At this year’s ABA TECHSHOW, Rodney Dowell and Dennis Kennedy gave a presentation on the open source powered law firm. I’ve used open source software for years for various purposes in my virtual law practice. However, I had never considered other ways that other attorneys might be using open source software to create their own virtual law firms or to supplement their practices with these solutions.
The number of cloud computing applications used in law practice is growing. To protect our clients and ourselves, the most secure practice is to create a strong password that is different for each online application and one that is more than six characters long with a combination of upper and lower case letters, numbers and symbols. Different applications may require variations on those requirements. Most are case sensitive, but some do not allow symbols. To be extra safe, security experts recommend that we change our passwords at least once a month.
How is today’s busy practitioner expected to remember more than a handful of unique and complex passwords?
By now most attorneys are familiar with virtual law offices, whether they are completely web-based or integrated into the structure of a traditional law firm. However, new models of online legal services are developing that combine the products and branding of familiar companies with the services of licensed professionals. These newer models of delivering legal services online raise interesting alternatives for attorneys wanting to dip their toes into the waters of elawyering, but they also raise interesting ethical issues.
This past week I attended a mini-conference at Harvard Law sponsored by the Berkman Center’s Law Lab. The purpose of the conference was to discuss ways that law schools and others interested in educating legal professionals can create a curriculum that provides the practitioner with the necessary tools to practice in an increasingly digital world.
Writing a good client engagement letter can be more complicated when you run a virtual law practice and will be delivering legal services online. Incorporating the use of technology by your firm into the provisions of an engagement letter is important to provide the client with notice of how you will communicate and handle their case online. Even if you have a traditional, brick & mortar law office and intend to only use your virtual law practice to complete specific tasks online, your clients need to understand how the use of this technology will affect the representation.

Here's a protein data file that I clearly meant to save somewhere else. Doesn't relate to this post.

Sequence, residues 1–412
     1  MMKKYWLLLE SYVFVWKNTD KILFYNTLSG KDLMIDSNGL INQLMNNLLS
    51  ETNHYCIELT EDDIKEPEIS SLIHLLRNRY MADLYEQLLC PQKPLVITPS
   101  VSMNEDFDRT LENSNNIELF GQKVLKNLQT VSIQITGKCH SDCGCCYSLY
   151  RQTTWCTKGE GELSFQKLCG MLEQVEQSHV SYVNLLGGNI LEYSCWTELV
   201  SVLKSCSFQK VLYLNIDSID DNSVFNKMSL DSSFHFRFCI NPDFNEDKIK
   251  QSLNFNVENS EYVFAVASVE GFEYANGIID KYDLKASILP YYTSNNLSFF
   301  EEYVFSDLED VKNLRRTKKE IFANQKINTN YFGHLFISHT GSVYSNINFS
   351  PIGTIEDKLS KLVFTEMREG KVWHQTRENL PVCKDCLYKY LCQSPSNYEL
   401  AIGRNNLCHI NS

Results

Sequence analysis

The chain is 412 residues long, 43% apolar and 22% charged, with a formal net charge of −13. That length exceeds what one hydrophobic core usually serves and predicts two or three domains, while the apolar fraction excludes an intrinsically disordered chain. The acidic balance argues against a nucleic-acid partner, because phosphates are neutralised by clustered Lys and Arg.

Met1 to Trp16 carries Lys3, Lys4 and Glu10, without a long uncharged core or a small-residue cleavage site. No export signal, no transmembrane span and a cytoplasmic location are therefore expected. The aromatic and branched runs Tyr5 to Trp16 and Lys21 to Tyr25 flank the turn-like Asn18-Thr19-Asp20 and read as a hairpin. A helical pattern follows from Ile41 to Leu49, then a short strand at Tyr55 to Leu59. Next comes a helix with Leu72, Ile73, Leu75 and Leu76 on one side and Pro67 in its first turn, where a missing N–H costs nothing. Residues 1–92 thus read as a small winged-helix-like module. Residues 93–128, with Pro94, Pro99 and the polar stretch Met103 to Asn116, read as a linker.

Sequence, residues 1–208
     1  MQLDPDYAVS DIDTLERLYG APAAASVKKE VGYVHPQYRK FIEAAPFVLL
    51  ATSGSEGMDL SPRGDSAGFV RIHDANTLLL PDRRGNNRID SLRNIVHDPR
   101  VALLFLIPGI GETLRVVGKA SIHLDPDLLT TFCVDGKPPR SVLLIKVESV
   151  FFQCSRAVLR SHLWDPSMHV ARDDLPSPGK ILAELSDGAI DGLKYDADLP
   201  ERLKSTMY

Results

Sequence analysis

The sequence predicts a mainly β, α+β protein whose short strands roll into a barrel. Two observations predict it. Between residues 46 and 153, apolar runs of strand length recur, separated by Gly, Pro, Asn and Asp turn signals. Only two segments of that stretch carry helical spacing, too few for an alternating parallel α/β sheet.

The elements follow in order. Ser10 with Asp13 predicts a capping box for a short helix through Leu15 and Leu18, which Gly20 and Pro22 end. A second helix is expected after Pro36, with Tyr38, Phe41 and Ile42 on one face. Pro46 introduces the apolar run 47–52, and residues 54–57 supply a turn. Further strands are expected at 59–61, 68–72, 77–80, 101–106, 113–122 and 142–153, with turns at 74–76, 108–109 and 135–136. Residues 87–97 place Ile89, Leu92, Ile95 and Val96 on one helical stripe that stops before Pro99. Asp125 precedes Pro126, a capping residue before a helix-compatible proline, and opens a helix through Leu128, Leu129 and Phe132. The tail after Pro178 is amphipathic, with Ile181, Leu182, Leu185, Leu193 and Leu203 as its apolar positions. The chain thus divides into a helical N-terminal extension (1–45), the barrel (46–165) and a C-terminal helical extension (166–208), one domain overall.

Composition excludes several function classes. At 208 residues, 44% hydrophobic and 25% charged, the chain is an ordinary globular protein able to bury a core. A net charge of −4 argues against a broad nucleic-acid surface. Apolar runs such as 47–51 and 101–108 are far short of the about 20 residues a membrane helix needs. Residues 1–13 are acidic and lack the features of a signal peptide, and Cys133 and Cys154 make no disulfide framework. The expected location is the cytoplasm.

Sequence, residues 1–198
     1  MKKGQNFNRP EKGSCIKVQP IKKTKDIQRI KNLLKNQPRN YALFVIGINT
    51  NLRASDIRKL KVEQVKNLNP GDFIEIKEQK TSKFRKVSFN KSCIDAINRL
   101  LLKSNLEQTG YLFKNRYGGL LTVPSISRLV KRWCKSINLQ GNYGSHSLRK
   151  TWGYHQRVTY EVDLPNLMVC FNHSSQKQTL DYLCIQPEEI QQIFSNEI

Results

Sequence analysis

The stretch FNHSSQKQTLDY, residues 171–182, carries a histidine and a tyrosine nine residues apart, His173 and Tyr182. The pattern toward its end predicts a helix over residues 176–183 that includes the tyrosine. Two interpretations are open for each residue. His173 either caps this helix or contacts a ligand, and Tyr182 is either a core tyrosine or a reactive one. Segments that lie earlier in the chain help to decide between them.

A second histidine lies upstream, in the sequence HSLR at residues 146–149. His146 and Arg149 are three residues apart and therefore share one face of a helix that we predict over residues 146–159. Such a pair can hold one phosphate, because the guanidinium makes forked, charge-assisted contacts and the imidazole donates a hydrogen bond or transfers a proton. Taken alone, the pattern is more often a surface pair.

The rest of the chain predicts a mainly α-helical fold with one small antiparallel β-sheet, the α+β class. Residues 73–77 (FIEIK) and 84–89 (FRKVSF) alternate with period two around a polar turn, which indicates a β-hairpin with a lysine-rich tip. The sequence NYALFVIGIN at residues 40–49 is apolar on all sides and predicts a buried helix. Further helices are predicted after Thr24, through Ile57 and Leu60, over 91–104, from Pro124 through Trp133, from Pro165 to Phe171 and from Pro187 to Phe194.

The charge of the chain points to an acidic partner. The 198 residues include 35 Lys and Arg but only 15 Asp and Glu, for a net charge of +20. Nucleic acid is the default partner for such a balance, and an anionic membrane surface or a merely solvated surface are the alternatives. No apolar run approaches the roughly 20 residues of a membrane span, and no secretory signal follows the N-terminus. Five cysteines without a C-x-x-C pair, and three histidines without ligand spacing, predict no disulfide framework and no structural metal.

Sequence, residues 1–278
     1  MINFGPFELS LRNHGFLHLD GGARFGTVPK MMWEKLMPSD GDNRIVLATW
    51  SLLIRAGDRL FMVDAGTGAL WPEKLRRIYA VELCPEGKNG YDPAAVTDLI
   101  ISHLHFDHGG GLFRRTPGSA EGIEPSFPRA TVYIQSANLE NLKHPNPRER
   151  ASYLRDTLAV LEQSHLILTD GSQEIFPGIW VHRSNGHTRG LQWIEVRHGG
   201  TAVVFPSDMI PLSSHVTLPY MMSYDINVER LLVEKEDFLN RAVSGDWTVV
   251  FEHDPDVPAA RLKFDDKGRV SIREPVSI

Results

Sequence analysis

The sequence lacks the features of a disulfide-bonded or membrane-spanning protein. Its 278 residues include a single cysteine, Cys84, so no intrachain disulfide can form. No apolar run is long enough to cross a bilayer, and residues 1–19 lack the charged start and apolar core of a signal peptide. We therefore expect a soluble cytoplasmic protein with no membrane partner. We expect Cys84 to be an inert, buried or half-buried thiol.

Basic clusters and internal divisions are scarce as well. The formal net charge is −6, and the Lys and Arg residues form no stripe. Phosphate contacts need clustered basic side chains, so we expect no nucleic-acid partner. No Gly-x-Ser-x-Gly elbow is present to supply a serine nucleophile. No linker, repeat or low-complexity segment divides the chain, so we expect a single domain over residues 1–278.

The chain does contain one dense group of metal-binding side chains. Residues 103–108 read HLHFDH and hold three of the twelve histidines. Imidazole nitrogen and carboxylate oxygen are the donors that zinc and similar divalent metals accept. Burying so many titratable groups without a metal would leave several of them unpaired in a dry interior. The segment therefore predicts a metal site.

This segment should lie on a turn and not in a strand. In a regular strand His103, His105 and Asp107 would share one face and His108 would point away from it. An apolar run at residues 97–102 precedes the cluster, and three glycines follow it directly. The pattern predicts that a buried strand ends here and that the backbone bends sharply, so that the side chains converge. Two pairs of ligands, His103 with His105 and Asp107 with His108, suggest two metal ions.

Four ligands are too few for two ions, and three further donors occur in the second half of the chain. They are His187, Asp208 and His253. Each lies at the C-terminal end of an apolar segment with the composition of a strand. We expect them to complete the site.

Consumers are going online in large numbers to purchase unbundled legal services, mostly DIY legal forms. They are turning to companies that provide legal form generation online without the benefit of attorney guidance, or they are purchasing kits at local office supply stores. Some are even attempting to search for free forms online and then modify them to meet their legal needs. In most cases, convenience and affordability are the motivating factors driving consumers to choose these less safe options.
These are legal services that consumers might otherwise be purchasing from a licensed attorney. There are ways for law firms to meet this consumer need and reclaim these clients by offering unbundled legal services. The offering could be the primary focus of the law firm or an addition to its full-service representation.
How do you market a law firm as a provider of unbundled legal services? As with all attorney marketing, the practical considerations must fall in line with the ethical requirements of our profession. To market unbundled legal services, a firm might consider the following:
There has been much debate about the recent New Jersey opinion related to that state bar’s “bona fide office” rule. Around the same time, an inquiry was brought before the NC State Ethics Committee relating to the use of cloud computing in law practice management. Both events have caused some attorneys to once again question whether legal professionals should think outside the box when it comes to delivering legal services online.
Before offering unbundled legal services, an attorney must explain exactly what services will be provided at what cost to the client. A virtual law practice providing these services should operate with this specific process as the foundation for all transactions.
An attorney may provide unbundled legal services with a virtual law office as the sole method of delivering legal services to clients, or a virtual law practice may be added to an existing law office as an amenity to in-person client or as a method of pulling in additional revenue from a separate online client base.
There is a great deal of flexibility in the way that a virtual law practice may be structured to provide unbundled services online.